Changes of finding employment via traditional routes is slim to none. It’s all about your network. So now whilst still working in my country, I make regular visit to Madeira to network, meet people and build and maintain contacts. I learn a lot, specifically from other immigrants who already life and work in Portugal. It won’t be long ‘till I’ll follow suit!
- Portugal emigrant
Technically it’s usually a no as you can always return to your country of birth. However, it does depend on the country, your citizenship status, your parents’ citizenship and the local rules and regulations concerning emigration.
Matters of the mind can never be as strict as forever.
- People’s decisions are hardly ever irrevocable as we’re generally inclined to and need (regular) change in our lives.
- If you’re being relocated by your employer, it usually implies a temporary arrangement from which you’ll either be send to another country or brought back home.
- In most cases, children come along when their parents emigrate.
- If your children are still babies or toddlers, moving them should not cause too much instability. Their trusted family unit stays intact and external factors are not yet as important.
- Most children between around eight to ten years old are at a relatively stable developmental stage and will therefore adapt fairly easily to their new environment.
- For teenagers however, a big move can be rather unsettling and can cause quite a bit of turbulence. They lose their friends, their school, their neighbourhood, sports club and everything they know.
- Even though many emigrants feel their big move significantly enriched the life of their children, they do concede that it’s probably beneficial to settle in one place once children hit eleven or twelve.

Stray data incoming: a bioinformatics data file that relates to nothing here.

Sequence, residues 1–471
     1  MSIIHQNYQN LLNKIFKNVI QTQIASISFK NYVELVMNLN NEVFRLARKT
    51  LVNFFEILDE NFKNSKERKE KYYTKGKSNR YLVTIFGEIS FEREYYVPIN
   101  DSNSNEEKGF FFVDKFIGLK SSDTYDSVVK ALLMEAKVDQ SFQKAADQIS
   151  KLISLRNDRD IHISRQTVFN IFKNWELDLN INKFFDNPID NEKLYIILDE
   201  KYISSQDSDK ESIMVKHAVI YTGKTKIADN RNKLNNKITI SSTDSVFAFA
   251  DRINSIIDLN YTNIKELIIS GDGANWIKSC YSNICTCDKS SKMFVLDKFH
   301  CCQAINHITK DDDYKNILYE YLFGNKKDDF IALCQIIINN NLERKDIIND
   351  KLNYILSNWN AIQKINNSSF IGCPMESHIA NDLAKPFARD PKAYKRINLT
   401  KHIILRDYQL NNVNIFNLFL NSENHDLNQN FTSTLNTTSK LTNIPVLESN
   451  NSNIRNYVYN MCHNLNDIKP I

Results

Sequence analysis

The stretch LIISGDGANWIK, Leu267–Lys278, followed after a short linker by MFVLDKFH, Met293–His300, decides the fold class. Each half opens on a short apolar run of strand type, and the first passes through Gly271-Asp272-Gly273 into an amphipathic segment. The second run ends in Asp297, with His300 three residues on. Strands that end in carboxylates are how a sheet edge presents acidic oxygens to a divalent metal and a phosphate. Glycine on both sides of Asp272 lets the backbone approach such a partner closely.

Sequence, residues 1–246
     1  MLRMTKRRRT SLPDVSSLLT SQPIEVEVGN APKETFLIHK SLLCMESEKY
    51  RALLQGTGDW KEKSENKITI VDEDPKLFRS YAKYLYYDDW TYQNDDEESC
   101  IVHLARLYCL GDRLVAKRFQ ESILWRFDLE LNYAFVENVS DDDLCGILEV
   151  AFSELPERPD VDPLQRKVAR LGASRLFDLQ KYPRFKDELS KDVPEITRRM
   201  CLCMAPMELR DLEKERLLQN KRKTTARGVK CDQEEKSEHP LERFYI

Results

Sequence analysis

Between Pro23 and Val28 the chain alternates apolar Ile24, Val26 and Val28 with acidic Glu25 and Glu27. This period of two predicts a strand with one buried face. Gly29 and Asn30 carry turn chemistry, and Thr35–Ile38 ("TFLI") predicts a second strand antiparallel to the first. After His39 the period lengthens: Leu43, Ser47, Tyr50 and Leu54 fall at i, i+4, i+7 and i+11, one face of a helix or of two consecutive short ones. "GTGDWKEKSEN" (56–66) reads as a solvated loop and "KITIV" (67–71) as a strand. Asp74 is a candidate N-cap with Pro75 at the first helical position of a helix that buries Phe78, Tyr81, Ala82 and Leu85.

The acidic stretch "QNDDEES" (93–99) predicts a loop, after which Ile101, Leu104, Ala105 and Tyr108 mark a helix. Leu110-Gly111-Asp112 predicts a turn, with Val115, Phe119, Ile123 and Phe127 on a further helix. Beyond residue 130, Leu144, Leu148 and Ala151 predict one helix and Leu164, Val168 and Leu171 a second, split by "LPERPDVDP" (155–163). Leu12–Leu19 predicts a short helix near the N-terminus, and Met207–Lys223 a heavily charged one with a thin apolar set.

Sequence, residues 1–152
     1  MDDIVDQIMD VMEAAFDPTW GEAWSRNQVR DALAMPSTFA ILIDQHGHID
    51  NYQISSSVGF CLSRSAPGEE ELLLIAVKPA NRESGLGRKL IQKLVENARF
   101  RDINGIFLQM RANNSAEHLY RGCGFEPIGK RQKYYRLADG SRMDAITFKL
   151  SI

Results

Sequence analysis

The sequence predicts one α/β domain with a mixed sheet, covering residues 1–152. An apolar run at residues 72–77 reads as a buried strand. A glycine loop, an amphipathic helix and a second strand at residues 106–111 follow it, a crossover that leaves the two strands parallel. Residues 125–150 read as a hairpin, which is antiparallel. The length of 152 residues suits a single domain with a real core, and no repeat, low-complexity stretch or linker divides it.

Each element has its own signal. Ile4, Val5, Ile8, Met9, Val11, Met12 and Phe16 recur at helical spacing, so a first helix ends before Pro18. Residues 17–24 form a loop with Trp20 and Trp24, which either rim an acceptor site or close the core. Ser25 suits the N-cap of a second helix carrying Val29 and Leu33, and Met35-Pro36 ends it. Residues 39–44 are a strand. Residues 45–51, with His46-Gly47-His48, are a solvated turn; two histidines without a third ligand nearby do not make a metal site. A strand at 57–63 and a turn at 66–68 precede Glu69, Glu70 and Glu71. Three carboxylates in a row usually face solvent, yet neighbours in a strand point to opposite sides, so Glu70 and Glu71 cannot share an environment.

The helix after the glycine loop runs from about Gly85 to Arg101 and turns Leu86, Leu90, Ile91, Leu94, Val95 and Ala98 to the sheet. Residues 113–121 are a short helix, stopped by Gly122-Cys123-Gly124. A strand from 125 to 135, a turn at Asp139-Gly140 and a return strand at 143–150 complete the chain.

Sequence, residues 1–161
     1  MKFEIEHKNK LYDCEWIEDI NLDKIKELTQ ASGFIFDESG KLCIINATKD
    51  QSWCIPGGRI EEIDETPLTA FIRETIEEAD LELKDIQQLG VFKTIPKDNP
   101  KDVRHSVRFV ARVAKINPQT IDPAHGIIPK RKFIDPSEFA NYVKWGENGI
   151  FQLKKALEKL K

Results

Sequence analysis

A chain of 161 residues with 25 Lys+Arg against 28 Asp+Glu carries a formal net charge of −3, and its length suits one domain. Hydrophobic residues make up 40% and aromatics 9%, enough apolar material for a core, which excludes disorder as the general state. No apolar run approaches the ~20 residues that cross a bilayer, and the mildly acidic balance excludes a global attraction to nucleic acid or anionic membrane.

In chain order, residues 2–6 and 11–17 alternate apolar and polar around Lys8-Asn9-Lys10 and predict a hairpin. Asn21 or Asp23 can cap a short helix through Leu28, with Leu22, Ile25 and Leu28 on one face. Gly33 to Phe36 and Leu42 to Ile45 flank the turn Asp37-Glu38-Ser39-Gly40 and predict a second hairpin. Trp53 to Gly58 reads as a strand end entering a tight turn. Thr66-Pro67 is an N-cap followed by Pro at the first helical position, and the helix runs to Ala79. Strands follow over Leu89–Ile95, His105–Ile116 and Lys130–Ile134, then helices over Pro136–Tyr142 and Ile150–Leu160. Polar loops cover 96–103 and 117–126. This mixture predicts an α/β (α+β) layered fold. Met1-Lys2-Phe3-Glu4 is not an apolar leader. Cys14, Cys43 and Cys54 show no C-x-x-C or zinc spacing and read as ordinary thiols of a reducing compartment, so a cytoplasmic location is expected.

- Children with developmental or academic issues will have a much harder time settling in to their new environment. It could be beneficial to their development to stay in their own country.
- If children stay behind, it’s important to first organise their living arrangements before making too advanced emigration plans. Once the children are settled, the next steps will be much smoother.
- With older kids, late teens, consider postponing the big move until after children have left the parental home and have set up their own home.
- Take some time to consider the effect on your finances when planning a move abroad: create a financial plan.
- Prepare an emigration budget, taking into consideration your current financial status and also make projections of different scenarios. See also “the cost of emigration”.
- Research the economic situation in your new country. Are they financially stable, what about inflation, what’s the unemployment like, what is the cost of living?
- Find out about banks, does your bank operate in this country? What’s the process of opening a bank account? Is there anything you can do now to speed things up? Do you need to hold on to your current account, set up online banking, organise international payment options and new credit cards?
- Find a financial and tax consultant, preferably specialised in or with extensive knowledge of the country your moving to. Set up a financial plan including pension and future arrangements for your children’s education Find out about tax rules and regulations, even though your future employer may take care of most things.
- Research local health care and health insurance arrangements. Is it beneficial to set up your own insurance? Are local health insurance packages sufficient? What are the local hospitals and GP surgeries like?
- Research local and international insurance options such as homeowners, liability and legal expenses insurance.
- Find out about protection against online and identity fraud. What are the risks, well known schemes and traps, internet safety, how secure are the banks and ATMs? Are your current precautions adequate?
- Cancel any standing orders well before you leave and double check with your bank which ones are still active. Cancel contracts and check notice periods.